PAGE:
First, all translation is an interpretation. Translating complex philosophical texts is much, much harder than figuring out ‘gavagai.’ This is so, even if you have written the text yourself and are fluent in both languages. You should try translating some time; even if you are not a meaning holist, you’ll discover that a lot of philosophical jargon is not stable and uniform across cultural and temporal contexts. (Surprisingly enough, this is even true of works in the history of physics.) So, leaving aside honest mistakes, all translations involve non-trivial judgments and trade-offs with a complex interplay among style, content, jargon, sentence structure, and even argumentative structure (this list is not exhaustive).
In earlymoderntexts.org, Jonathan Bennett, who is one of the greatest historians of philosophy of his generation and who should be praised for his dedication to the field and pedagogy, is refreshingly forthright that in his translations the aim is to make “the original thought more accessible than it is on the original page.” He uses many more ‘tricks of the trade’* than any other translator known to me to achieve this and he is refreshingly and admirably transparent about how he deploys them.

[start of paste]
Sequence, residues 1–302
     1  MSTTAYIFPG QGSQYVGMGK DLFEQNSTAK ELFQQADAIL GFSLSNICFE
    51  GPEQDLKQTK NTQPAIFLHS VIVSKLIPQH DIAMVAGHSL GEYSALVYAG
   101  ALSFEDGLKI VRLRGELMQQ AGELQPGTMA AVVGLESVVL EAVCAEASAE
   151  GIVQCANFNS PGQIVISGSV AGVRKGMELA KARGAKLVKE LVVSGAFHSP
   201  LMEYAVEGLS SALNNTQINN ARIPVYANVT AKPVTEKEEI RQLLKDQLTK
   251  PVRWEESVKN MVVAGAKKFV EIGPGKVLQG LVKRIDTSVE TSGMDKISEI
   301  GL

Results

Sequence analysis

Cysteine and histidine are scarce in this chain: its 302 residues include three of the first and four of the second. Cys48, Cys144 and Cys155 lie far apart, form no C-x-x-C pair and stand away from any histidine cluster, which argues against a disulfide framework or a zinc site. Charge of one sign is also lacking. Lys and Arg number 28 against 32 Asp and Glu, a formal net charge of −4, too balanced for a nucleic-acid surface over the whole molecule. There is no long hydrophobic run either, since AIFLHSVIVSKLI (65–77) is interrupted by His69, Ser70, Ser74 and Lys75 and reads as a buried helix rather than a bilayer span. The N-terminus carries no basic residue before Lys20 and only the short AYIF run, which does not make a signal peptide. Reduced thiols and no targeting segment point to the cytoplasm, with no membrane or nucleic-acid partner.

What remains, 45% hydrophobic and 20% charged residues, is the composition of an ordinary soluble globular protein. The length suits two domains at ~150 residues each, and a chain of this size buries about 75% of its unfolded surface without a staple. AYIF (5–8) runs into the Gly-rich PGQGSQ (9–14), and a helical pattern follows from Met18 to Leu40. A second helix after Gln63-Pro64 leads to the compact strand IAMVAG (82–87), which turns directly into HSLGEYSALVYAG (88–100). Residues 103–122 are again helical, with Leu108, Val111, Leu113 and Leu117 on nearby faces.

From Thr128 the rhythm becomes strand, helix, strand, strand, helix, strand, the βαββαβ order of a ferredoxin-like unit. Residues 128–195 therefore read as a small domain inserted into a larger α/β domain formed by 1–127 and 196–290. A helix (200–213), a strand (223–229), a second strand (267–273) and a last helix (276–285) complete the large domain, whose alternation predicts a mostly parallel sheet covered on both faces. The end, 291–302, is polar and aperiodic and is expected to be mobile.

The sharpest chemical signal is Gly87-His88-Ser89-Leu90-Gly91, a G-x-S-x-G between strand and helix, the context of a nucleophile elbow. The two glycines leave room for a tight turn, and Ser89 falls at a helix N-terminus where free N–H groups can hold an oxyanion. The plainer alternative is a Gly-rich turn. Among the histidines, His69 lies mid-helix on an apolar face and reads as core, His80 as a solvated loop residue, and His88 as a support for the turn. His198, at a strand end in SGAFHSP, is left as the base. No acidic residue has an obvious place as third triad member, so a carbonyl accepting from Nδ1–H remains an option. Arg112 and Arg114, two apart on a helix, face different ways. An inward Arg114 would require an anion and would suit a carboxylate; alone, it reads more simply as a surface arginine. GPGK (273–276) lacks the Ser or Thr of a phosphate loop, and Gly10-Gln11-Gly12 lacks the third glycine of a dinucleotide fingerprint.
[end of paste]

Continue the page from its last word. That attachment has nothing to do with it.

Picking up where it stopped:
Schliesser on the Use of Earlymoderntexts.org
August 15, 2014 by Lewis Powell